You grip the chunky, leather-wrapped steering wheel and push down on the accelerator. The car quickly and effortlessly gets up to speed. With a turn of the wheel, you throw it into the tight hairpin bend, the car staying impressively flat. A smile grows on your face.
Ok, ok. So this isn’t exactly a Volkswagen Golf R. Nevertheless, you’re actually having some fun… in a Toyota Corolla. And not just any Corolla, one with a hybrid powertrain and a continuously-variable transmission (CVT).
What happened? Didn’t Corollas become deathly dull appliances years ago, once the old GTIs and rear-wheel drive Sprinters ceased to exist?
It’s true that for many years, the Corolla name was hardly synonymous with fun. But then Akio Toyoda became CEO of Toyota and issued a decree: Make Toyotas Fun Again.
And so, the Corolla is suddenly enjoyable to drive again after years of automotive journalists carping about how uninspiring it was. That’s great news for consumers, who continue to make the Corolla Australia’s best-selling small car. Unfortunately, Toyota has taken two steps forward but one big step back.
How much does the Toyota Corolla SX Hybrid cost?
The Toyota Corolla SX Hybrid costs $29,735 before on-road costs, regardless of whether you choose the hatch or sedan. That’s $1500 more than the regular SX.
You won’t find any other hybrids under the $30k mark, with the cheapest Hyundai Ioniq and Subaru XV hybrids costing around $5000 more.
You also won’t find any hybrid variants, period, of Australia’s other three best-selling small cars: the Hyundai i30, Kia Cerato and Mazda 3.
Metallic paint is a $500 option. Our tester’s Oxide Bronze is a classy shade but Eclectic Blue is easily the most eye-catching of the Corolla’s palette.
The bold blue also better complements the twelfth-generation Corolla’s styling, which is curvaceous and expressive. It’s also got a pert little rear, though there’s not much to grab onto – more on that later.
What do you get?
The SX is the mid-range trim level in the Corolla range, bookended by the Ascent Sport and ZR. All three trim levels are available with either a regular petrol or a hybrid powertrain.
Toyota is hardly skimping on features, either. The base Ascent Sport already offers an 8.0-inch touchscreen infotainment system with Apple CarPlay and Android Auto, as well as adaptive cruise control, lane-keeping assist, a reversing camera, 16-inch alloy wheels, and automatic bi-LED headlights.
The SX adds satellite navigation, DAB+ digital radio, a leatherette-wrapped steering wheel and a wireless charging pad inside. There’s also proximity entry with push-button start, plus LED fog lights and front and rear parking sensors.
Even more importantly, there’s standard blind-spot monitoring and rear cross-traffic alert.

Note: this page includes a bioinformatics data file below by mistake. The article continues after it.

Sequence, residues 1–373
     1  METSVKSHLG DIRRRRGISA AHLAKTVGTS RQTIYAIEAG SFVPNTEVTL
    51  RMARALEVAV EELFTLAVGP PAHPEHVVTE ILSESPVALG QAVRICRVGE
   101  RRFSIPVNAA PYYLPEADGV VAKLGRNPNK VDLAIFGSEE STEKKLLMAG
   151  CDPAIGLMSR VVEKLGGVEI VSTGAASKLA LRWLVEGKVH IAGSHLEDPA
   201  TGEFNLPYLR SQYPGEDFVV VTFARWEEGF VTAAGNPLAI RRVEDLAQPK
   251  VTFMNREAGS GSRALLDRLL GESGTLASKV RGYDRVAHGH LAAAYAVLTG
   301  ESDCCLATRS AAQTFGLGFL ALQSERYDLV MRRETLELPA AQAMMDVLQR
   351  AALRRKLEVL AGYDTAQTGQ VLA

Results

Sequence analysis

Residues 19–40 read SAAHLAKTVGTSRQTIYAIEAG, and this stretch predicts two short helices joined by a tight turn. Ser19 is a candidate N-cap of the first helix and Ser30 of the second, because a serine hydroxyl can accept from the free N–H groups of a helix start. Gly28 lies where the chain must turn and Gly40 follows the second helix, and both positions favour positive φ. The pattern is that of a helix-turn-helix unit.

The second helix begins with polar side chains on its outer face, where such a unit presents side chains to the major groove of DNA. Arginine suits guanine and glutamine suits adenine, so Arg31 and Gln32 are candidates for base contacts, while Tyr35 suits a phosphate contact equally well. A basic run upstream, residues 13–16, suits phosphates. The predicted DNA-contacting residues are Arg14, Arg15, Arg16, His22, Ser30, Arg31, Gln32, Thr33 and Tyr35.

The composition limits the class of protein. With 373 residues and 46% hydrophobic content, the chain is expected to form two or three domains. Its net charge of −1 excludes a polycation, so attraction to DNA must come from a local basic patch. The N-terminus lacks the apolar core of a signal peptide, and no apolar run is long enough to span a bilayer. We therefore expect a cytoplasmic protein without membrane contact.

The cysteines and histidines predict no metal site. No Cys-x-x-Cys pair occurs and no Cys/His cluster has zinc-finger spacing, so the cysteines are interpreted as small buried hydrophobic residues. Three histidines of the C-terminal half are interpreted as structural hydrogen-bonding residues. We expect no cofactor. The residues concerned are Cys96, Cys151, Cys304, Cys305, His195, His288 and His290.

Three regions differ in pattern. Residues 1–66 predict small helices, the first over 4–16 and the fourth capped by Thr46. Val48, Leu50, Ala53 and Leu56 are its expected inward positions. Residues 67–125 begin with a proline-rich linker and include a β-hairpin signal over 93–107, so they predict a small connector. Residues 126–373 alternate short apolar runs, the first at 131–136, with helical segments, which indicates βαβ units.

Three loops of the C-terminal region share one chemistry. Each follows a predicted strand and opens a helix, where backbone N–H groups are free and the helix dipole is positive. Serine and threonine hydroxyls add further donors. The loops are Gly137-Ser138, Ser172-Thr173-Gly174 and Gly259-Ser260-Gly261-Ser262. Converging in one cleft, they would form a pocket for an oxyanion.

Unless you’re really keen on leather trim and want a better sound system than the SX’s six-speaker unit, the ZR’s $3900 premium arguably isn’t worth it.
For such a well-equipped car, though, there’s one baffling omission from the SX: rear air vents. To get them, you’ll need to choose the range-topping ZR.
In terms of standard equipment, the SX Hybrid lines up nicely with the Mazda3 G20 Touring, Kia Cerato Sport+ and Hyundai i30 Elite, all of which cost between $28,000 and $31,000 before on-road costs when equipped with automatic transmissions.
The Mazda3 and the i30 have standard leather upholstery and the Cerato boasts heated front seats, but none of them have a powertrain as efficient as the Corolla Hybrid’s.
Is the Toyota Corolla safe?
When the Toyota Corolla was tested by ANCAP in 2018, it received a rating of five stars. That was based on an impressive 96 per cent score for adult occupant protection, as well as scores of 83 per cent in child occupant protection, 86 per cent in vulnerable road user protection, and 76 per cent in safety assist.
All 2020 Toyota Corollas feature autonomous emergency braking with forward-collision warning and pedestrian and cyclist detection. The warning and the emergency braking work at speeds between 10 and 180km/h for other vehicles and 10 to 80km/h for pedestrians and cyclists.
You’ll also find blind-spot monitoring, rear cross-traffic alert, seven airbags (front, front-side, curtain and driver’s knee) plus lane-keeping assist.
What is the Toyota Corolla SX Hybrid like on the inside?
The Corolla’s dashboard design is funky and fresh yet satisfyingly ergonomic.
Tactile soft-touch plastics are used on much of the dashboard, though harder material is used on the centre console and the door trims. That’s hardly unusual for the class and everything is still assembled with the high standard of build quality you’d expect from a Toyota.
The 8.0-inch touchscreen is situated nice and high and features some redundant buttons on either side for switching between screens.
It’s a pretty straightforward system and there are some nice touches, like four programmable contact shortcuts on the home screen – a modern-day speed dial, if you will. The navigation system’s graphics are a bit cluttered, as is common on many vehicles, but the recent addition of Apple CarPlay and Android Auto renders that a moot issue.
Below the touchscreen and air vents is a row of nicely-damped, metal-look buttons for the dual-zone climate control, bracketed by two tactile knobs.
The design is so attractively minimalist, it has you wondering how other cars’ switchgear takes up so much real estate. The Corolla’s interior would also lend itself to a funkier colourway but, alas, the SX is only available in black-on-black. The ZR is available with some red accenting, though.